The Look: From Afro-American early ‘70s Funk style Disco all the way through Saturday Night Fever the predominant look is tight, sexy and aspirational – e.g. spray can fit on the bottom matched with expensive, ultra-wide collared, pictorial ‘Nik Nik’ shirts. And that’s just for the men. Tight and sexy was also popular in the other keystone of early ‘70s Disco, the Gay clubs of NYC – but here was also the beginnings of the ultra macho lumberjack shirts and huge moustaches of the Gay ‘Clone’ look.
The Time: Early ‘70s – goes mainstream and global in 1977 with release of Saturday Night Fever.
The Place: Afro-American urban neighbourhoods – especially New York and Chicago + the Gay Disco clubs of New York which sprang up after the Stonewall Riots of 1969 which inhibited police harassment and promoted ‘Gay Pride’.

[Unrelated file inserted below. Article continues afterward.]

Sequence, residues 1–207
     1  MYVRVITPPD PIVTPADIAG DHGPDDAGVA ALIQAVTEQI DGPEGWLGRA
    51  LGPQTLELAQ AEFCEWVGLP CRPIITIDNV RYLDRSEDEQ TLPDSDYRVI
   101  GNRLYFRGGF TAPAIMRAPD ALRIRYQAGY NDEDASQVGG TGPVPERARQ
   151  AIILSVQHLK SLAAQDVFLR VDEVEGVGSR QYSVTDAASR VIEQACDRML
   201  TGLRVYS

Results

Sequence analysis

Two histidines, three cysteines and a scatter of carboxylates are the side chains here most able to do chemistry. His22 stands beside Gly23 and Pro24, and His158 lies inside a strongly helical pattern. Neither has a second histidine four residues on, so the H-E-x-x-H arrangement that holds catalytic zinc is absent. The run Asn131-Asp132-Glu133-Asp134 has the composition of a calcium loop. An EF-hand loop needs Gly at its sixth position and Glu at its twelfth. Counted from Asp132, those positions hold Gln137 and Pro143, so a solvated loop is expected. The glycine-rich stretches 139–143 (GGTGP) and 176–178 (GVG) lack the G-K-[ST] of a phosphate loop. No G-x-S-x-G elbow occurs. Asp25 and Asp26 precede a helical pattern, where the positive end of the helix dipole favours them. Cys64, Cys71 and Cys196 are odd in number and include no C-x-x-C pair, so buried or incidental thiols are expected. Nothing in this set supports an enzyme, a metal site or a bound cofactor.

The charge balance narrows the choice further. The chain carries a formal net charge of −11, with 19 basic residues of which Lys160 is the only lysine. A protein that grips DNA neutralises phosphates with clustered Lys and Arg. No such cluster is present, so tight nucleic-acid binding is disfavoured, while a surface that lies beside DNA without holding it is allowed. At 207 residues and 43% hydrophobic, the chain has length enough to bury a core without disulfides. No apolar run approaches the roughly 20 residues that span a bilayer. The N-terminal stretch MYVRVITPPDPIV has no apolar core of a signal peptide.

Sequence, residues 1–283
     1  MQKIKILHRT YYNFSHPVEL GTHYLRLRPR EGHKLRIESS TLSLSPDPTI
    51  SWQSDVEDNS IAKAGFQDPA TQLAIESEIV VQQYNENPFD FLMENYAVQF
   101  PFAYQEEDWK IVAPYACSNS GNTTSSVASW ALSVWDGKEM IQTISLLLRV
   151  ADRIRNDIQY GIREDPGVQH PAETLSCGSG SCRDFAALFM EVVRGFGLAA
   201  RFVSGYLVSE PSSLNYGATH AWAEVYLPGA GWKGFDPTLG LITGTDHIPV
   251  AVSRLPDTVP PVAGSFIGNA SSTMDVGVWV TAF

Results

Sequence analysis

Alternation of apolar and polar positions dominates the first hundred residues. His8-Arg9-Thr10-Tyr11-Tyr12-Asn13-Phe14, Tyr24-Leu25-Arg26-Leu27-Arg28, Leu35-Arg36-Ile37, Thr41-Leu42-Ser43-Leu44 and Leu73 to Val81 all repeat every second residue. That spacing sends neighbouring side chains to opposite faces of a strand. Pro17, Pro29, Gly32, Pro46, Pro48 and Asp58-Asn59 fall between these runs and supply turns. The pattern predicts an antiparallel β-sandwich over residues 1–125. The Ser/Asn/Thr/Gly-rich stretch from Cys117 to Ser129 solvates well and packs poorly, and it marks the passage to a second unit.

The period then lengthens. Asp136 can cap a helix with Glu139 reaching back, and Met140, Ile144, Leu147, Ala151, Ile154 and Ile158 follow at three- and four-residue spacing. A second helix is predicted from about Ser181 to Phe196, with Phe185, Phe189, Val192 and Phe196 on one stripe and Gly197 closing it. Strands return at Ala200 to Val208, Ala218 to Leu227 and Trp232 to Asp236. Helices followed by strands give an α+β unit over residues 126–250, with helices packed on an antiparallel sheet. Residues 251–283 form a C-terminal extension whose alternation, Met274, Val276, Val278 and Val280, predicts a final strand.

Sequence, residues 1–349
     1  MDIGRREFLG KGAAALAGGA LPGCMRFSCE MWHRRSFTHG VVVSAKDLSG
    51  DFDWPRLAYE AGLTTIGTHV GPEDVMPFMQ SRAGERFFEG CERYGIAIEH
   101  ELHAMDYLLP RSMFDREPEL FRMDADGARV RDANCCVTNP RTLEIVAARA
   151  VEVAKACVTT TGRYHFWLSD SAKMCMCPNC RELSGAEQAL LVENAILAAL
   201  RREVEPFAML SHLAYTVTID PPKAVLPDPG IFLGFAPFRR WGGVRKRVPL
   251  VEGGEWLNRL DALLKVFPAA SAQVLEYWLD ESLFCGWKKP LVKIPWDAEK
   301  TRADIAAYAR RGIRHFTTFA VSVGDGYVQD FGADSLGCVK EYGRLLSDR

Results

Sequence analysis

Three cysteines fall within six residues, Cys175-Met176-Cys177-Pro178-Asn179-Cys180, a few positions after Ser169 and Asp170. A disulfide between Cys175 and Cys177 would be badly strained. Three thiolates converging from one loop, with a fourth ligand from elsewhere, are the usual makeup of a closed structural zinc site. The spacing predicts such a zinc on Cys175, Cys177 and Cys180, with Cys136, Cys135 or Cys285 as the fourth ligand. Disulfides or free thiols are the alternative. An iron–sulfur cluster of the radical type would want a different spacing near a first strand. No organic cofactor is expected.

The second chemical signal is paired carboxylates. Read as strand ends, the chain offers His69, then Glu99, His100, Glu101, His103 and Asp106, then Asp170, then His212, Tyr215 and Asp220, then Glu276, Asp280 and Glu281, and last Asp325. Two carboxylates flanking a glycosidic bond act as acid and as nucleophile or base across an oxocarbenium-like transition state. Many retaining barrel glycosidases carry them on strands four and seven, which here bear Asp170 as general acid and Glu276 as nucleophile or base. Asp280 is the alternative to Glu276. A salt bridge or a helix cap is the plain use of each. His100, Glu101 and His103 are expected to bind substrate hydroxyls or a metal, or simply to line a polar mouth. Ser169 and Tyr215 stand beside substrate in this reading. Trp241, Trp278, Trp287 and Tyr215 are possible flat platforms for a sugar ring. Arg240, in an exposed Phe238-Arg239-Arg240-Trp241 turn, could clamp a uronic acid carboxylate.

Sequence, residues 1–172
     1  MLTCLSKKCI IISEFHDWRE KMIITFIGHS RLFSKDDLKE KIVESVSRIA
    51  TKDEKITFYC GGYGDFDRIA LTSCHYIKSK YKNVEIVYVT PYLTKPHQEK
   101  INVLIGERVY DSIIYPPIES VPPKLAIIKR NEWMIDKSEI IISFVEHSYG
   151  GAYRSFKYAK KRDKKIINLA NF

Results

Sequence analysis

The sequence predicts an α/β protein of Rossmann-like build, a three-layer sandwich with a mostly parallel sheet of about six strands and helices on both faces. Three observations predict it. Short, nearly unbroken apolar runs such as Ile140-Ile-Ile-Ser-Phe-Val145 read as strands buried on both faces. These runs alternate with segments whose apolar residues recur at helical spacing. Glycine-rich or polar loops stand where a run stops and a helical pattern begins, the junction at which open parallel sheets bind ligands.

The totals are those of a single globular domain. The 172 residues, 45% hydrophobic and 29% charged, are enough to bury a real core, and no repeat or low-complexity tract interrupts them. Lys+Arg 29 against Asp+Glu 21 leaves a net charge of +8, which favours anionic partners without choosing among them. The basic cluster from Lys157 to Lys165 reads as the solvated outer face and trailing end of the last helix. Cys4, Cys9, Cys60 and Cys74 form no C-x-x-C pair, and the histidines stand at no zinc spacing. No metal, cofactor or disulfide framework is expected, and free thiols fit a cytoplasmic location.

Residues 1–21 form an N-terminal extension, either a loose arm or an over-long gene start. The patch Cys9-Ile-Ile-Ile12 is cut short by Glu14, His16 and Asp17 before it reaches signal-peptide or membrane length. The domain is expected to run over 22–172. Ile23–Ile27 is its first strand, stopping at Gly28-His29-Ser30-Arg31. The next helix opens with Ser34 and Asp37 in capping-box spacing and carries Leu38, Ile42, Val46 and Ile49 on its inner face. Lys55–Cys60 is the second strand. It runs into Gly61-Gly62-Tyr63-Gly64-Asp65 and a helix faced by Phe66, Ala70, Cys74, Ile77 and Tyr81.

Influenced: Although easily mocked, did a lot towards liberating masculine sartorial expression.
The idea of and the word for a place for dancing and drinking and clubbing which has a ‘DJ’ (‘disc jockey’) playing records (discs) rather than a live band – a discothèque – goes back all the way to Paris during WWII. The occupying Germans didn’t approve of ‘decadent’ (i.e. American, black, Jewish) jazz and, unable to employ live bands, the many enthusiastic jazz fans of Paris had no choice but to gather in clandestine little joints where a primitive PA might be employed to pump up the volume. After the war it was also pioneering Parisian clubs like Whisky a Go Go which became the model for discothèques and discos all over the world.